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Senior Squash Player Yash Bhargava had never been to campus before the move-in day of his freshman year. Credit: Kaitlin Rowan

For Penn men’s squash captain Yash Bhargava, his first time on Penn’s campus was the day he moved in as a freshman.

The now-senior had never visited campus before committing to Penn. He was making the move halfway across the globe to his new home in Philadelphia for the next four years; a city completely unlike Delhi, where he graduated high school as one of the top junior squash players in the country.

But with the experience of traveling throughout India and internationally for competition, Bhargava adjusted to his new environment with the same hard work in sports and studies that had earned him an invite to Penn. And most notably, he worked to live up to his place on one of the most international rosters in Penn athletics, becoming one of the most successful players in Penn men's squash history.

Bhargava was a remarkable individual star in squash before Penn. Finishing as runner-up at the 2015 Indian Junior Open Squash Championship and winning a gold medal in an individual event at the National School Games were just a few of his accomplishments as a junior squash player.

But before committing to the racquet, Bhargava participated in a variety of sports from a young age. His father had played cricket at the national level and was the most significant influence on Bhargava’s beginnings in competitive athletics.

“I used to play tennis and do roller skating. And at the same time, my dad would play squash as a hobby,” Bhargava said. “So I would go in there and just mess around."

Bhargava ranked nationally in roller skating and also tried cricket like his father. But as he grew older, he faced the decision of committing to one sport.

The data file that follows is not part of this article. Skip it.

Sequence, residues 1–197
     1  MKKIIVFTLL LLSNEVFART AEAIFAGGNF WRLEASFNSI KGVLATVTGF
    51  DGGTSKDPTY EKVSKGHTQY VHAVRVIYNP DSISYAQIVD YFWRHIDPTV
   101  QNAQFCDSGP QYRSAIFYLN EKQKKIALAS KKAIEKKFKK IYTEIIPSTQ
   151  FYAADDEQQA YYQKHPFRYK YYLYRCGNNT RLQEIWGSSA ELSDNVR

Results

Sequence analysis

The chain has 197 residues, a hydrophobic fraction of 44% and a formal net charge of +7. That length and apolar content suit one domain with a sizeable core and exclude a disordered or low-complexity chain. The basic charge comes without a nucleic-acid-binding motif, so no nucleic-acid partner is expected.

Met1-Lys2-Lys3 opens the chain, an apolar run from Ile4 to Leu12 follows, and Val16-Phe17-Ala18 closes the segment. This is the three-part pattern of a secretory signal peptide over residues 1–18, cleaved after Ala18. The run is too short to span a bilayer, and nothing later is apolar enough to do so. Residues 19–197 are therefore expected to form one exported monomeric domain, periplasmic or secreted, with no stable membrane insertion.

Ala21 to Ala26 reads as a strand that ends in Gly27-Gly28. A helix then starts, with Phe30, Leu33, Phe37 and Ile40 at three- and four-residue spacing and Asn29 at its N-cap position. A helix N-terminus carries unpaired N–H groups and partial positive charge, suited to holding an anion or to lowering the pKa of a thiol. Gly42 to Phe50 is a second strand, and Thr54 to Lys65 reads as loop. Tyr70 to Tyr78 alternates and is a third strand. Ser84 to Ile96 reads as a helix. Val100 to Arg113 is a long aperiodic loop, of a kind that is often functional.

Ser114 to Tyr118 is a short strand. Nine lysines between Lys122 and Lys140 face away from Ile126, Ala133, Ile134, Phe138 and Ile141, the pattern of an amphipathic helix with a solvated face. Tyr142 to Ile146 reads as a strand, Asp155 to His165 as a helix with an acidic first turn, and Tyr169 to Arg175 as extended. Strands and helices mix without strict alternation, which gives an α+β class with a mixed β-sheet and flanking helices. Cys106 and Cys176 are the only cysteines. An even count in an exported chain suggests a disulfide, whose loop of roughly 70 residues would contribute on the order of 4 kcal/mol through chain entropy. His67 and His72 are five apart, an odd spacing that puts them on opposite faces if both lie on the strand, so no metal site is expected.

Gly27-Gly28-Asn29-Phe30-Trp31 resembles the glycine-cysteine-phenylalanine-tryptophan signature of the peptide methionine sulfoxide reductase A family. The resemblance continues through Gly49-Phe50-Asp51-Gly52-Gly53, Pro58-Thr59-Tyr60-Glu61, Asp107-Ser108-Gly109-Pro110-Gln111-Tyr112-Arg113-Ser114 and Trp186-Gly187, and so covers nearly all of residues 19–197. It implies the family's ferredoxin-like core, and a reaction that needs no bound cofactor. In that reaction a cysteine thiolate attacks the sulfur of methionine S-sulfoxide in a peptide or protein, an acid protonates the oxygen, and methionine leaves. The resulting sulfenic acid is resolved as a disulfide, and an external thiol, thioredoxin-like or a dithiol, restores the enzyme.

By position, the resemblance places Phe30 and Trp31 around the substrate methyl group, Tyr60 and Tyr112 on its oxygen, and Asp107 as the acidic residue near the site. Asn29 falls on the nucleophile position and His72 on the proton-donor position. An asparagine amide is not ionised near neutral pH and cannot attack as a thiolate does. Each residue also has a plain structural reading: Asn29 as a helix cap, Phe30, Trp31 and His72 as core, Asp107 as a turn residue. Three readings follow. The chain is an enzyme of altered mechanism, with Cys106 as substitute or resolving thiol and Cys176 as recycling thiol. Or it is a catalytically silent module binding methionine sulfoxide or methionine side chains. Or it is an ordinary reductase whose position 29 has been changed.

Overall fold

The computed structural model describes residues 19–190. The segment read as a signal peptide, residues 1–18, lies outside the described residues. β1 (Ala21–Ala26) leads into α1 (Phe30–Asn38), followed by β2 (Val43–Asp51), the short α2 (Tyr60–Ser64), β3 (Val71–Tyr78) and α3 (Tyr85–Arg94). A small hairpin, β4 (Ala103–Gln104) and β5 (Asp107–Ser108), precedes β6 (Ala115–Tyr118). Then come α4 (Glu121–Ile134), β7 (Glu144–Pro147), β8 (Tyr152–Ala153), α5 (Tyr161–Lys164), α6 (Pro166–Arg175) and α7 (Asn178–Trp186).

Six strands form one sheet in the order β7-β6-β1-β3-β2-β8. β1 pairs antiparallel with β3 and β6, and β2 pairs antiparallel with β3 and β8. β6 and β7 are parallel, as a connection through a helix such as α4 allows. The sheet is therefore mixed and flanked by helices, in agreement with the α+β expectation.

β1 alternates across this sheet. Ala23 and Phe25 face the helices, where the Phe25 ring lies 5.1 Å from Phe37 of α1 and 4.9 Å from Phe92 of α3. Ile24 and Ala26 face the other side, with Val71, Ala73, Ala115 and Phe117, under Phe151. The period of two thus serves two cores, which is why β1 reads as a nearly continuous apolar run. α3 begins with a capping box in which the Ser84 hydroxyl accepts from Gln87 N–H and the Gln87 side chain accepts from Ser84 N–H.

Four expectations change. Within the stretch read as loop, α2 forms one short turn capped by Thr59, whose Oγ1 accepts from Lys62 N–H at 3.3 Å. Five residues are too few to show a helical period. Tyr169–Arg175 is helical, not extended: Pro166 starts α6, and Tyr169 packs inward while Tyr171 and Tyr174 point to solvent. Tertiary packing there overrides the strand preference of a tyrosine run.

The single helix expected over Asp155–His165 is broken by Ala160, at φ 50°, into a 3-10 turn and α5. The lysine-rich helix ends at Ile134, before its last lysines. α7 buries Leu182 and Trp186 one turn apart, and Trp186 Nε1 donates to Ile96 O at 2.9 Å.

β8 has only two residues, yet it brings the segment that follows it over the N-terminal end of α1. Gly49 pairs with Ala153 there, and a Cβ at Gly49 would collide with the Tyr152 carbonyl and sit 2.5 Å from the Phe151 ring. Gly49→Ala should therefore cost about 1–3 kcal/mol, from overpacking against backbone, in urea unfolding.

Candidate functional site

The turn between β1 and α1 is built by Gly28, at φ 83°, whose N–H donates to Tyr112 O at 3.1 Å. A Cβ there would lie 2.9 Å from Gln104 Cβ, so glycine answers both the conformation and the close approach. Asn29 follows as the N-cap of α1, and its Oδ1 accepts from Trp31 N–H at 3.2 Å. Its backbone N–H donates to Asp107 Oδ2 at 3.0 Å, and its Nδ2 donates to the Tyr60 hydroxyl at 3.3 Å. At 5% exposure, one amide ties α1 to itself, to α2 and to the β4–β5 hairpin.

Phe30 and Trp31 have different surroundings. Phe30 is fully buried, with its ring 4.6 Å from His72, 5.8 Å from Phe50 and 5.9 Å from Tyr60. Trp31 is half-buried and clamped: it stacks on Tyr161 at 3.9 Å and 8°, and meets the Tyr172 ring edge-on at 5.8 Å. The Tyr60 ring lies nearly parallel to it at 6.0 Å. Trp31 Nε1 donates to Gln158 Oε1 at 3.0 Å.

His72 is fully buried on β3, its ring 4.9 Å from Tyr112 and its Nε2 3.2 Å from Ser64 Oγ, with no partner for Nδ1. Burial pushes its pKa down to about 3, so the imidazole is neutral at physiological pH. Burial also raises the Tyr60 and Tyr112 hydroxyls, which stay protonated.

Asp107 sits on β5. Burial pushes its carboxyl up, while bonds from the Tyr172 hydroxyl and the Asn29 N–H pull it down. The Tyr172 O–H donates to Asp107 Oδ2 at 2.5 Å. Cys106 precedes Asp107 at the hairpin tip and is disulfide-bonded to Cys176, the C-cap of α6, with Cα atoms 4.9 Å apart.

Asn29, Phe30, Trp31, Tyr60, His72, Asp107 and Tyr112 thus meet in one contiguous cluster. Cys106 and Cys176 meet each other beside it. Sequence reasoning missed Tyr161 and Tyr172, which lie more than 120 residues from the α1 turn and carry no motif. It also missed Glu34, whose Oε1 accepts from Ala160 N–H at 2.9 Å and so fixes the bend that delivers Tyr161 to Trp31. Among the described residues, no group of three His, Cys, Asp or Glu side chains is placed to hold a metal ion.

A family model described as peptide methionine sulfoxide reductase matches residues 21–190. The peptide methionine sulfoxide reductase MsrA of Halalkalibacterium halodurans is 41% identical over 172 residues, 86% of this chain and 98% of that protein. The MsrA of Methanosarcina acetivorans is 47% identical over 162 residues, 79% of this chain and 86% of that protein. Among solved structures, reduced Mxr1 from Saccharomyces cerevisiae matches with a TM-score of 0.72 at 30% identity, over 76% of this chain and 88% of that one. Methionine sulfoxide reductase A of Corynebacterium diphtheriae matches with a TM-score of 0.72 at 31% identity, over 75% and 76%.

"I had to choose between tennis and squash. I went with squash because it was more of a new sport and was definitely something interesting and different that I wanted to try," Bhargava said. "So I think after seven years of roller skating, tennis, Taekwondo — I stopped everything, and I started focusing on just squash.”

Bhargava’s talent developed as he committed more time to the sport, but became extremely pronounced once he reached high school. 

His performances in matchups across India and in international competitions prompted the attention of collegiate scouts. Bhargava had several options for his future after high school, but Penn men's squash head coach Gilly Lane presented the most convincing bid in Bhargava’s ultimate decision.

“When I was getting recruited to Penn, I didn't know anyone on the squash team here,” Bhargava said. “And it was our squash coach Gilly who I was talking to during the whole process. He was one of the best college squash coaches that I've ever talked to and I think he was somewhat similar to my coach back home in India. Rather than being a coach, he was more of a friend and a mentor.”

Lane was named head coach of Penn men's squash in March of 2016, and Bhargava would arrive at Penn in the fall of the following year. Despite the challenges of being an international freshman on such a competitive roster, Lane was impressed by Bhargava’s influences on the team.

“I thought he was a quiet kid. And it turned out to be the opposite in which he came in and he just established this insanely hard work ethic,” Lane said. “That basically just contributed to our success right away; he led the team in wins as a freshman. The way in which he carried himself was the way in which we wanted our program to carry itself moving forward.”

Bhargava put up an 18-4 individual record in his freshman year, but he also gained an understanding of squash as a team sport. Competing as a team within the Ivy League was a departure from the individual competition Bhargava pursued in India, and this dynamic became yet another motivator for Bhargava to improve his game.